For now, the middle one isn’t really at the capacity to really care if he is accepted socially and certainly doesn’t seem to know if he was getting bullied or not. Those are not of concern to him yet as he is also still mostly uncommunicative, save for the times that he utilizes his PECS. Unless there was some high degree of annoyance which would cause some sort of physical affront or pain to him – such as the kind his older brother is sometimes adept at applying to him (brothers will be brothers and boys will be boys – we’re intelligent enough to recognize the difference between boyhood and bullying). Our oldest though appears to be blessed with people skills and a way of connecting with many of his typical developing peers. I don’t believe he knows that he is different at this point, and frankly I must imagine that most of his classmates must just consider him a little “quirky.” I am assuming, as I haven’t had a chance to ask any of them yet. As soon as deployment is over and I get to meet his teacher and aide I’ll be sure to ask around to get a feel. At some point typical kids are probably keen that if a kid has an aide in class there must be some special issue that is being dealt with. At some point I am sure my oldest will pick up on that fact as well since not too many others have aides to help them one on one in his class. The questions and subsequent discussions will come at some point. I will be properly prepared to educate him and lift his gifts up at the same time. Regardless, none of them get too much special treatment from us. We’re a “pick your own self up” household!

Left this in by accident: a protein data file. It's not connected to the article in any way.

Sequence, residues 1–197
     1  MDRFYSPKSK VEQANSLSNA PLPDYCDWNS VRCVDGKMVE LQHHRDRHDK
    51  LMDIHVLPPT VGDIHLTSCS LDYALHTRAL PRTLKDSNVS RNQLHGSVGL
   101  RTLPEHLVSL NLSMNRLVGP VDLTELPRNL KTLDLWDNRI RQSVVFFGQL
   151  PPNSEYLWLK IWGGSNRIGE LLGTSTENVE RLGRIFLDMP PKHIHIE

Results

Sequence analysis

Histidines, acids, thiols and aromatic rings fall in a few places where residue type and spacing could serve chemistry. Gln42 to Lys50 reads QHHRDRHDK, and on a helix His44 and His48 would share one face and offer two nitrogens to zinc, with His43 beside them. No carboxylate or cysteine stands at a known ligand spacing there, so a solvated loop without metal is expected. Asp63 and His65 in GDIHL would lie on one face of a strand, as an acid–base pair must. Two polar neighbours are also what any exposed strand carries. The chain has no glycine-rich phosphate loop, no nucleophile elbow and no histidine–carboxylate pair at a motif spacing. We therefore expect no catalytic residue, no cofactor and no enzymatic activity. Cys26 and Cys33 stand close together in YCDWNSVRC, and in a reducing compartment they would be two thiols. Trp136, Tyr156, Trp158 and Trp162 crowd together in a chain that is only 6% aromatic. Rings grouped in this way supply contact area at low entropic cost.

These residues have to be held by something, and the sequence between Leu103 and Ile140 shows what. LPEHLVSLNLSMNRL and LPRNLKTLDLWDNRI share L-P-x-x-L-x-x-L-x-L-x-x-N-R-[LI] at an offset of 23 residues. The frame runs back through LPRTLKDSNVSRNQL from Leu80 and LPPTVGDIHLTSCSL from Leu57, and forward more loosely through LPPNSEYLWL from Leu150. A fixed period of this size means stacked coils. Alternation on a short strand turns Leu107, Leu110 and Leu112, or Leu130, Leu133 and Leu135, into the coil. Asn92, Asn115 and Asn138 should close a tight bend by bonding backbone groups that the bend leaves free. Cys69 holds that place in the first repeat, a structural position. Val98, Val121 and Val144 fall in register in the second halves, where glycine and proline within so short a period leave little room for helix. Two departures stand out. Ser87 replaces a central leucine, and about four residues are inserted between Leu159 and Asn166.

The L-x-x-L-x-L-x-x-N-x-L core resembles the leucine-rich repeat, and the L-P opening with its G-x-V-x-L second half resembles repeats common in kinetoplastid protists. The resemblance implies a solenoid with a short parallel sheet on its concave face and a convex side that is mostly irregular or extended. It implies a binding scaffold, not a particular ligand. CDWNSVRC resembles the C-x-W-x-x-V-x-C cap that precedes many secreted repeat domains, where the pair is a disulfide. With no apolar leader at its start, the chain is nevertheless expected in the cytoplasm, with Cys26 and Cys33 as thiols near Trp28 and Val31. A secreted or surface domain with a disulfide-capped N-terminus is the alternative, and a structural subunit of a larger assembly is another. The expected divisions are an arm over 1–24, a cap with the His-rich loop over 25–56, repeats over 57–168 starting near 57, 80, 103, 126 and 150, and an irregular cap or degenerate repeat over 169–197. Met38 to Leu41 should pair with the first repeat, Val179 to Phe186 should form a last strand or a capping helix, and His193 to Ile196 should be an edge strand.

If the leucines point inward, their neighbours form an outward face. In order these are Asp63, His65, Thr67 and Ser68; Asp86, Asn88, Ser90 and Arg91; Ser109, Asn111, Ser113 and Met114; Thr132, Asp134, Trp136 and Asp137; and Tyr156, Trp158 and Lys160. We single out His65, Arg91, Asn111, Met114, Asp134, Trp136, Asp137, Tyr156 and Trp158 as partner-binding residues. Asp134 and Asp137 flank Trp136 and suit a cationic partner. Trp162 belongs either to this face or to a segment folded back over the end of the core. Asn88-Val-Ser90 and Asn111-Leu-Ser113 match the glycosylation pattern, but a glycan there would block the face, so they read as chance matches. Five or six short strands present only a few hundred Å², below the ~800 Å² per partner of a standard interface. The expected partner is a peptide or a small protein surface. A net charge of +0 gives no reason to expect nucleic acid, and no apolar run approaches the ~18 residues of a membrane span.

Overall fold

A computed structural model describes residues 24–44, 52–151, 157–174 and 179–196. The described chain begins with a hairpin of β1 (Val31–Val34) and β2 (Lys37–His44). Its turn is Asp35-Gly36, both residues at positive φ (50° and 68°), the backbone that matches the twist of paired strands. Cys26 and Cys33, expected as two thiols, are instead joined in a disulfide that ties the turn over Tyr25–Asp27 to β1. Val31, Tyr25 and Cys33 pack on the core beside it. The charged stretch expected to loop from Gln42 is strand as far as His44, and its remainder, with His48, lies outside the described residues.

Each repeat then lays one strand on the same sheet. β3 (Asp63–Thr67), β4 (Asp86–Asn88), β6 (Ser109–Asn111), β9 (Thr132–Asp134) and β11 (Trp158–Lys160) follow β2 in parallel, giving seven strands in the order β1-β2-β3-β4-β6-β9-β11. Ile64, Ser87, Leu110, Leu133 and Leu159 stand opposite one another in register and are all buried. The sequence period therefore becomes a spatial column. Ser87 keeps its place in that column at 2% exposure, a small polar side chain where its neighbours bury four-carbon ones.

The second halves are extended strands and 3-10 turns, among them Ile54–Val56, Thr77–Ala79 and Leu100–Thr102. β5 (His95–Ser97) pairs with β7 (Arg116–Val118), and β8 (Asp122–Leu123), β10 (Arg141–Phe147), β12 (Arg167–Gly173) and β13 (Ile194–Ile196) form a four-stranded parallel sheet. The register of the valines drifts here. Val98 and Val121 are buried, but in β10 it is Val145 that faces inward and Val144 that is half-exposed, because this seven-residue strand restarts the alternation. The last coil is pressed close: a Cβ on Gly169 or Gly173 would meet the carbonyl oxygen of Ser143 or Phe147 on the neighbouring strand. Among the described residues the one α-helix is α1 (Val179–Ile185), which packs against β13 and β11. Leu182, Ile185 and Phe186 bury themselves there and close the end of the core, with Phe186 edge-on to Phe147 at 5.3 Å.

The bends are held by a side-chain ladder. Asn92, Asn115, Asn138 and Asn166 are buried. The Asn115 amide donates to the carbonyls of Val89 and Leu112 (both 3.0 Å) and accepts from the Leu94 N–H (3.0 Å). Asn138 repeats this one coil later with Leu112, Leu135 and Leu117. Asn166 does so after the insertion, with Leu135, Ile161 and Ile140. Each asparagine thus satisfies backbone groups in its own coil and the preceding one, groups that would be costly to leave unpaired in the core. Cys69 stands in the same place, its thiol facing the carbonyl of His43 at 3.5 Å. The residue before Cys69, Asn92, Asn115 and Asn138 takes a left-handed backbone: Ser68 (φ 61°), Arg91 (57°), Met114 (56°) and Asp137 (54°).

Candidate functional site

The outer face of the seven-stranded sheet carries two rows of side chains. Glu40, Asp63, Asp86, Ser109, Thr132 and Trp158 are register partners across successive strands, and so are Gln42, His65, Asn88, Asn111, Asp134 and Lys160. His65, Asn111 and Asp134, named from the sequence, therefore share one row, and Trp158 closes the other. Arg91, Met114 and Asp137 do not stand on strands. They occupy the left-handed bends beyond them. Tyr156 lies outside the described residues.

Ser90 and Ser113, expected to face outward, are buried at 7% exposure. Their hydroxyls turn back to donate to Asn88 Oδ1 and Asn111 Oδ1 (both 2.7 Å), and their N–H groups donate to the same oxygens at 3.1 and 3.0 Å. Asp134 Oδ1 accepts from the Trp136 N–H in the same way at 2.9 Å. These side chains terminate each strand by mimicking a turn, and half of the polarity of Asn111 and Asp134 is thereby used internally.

I hope and pray like all parents that my boys will not have to endure too much of the cruel world and how cruel kids can be. I know that as I grew up I longed to be cool and stumbled about as a youth trying to figure out the social acceptance model that all kids have to go through. I can’t say that I was one of the cool kids, but was fortunate to have good friends at all level of the social pecking order. I considered myself counted in the social circles from the those considered special needs, to the outcasts, to the burn-outs, to the nerds, to the honor roll, to the jocks and to the preppies (excuse the terms from the Eighties, as I have NO idea what the social labels are today, lol), but didn’t belong to any particular group. I played sports, sang in the choir, acted in the drama club and was member of the quiz bowl team. I did many things of those things a teen shouldn’t do on a weekend, to include my fair share of parties at both the high school and college level in my teen years (sorry Mom). I can’t say that I was ever bullied, by the definition of such (maybe an extended disagreement with a few though, lol), but of course I was picked on from time to time and had to extend my “growins-up” by settling matters with a wrestling match or a couple well placed blows. Some “won”, some “lost”. Knowing what I know now I will coach my boys as the late, great President Theodore Roosevelt taught, “Speak softly, but carry a big stick.” There is a time for verbal negotiation out of situations where words have been wrongly taken between kids, and then there is a another time for self-defense. I will appropriately teach my boys when to appropriately apply one or the other and how to do both with specific and powerful results to their benefit.

Life is just cruel. And when those cruel moments will happen to our wonderful autties at some point I know it will be sickening, heartbreaking and angering all at the same time. If we do our best to stay in tune with, be there for them, build that parental relationship and know our children well, we will be able to spot just by their behavior when something is wrong away from home. And if we are prepared to have those discussions and to teach those life’s lessons as best as we are able through the disorder they’ll have a better chance to come through it unscathed. It won’t be easy. It will take work. But, no one will fight or work to defend our kids more
than us parents.

In advocacy,

Mike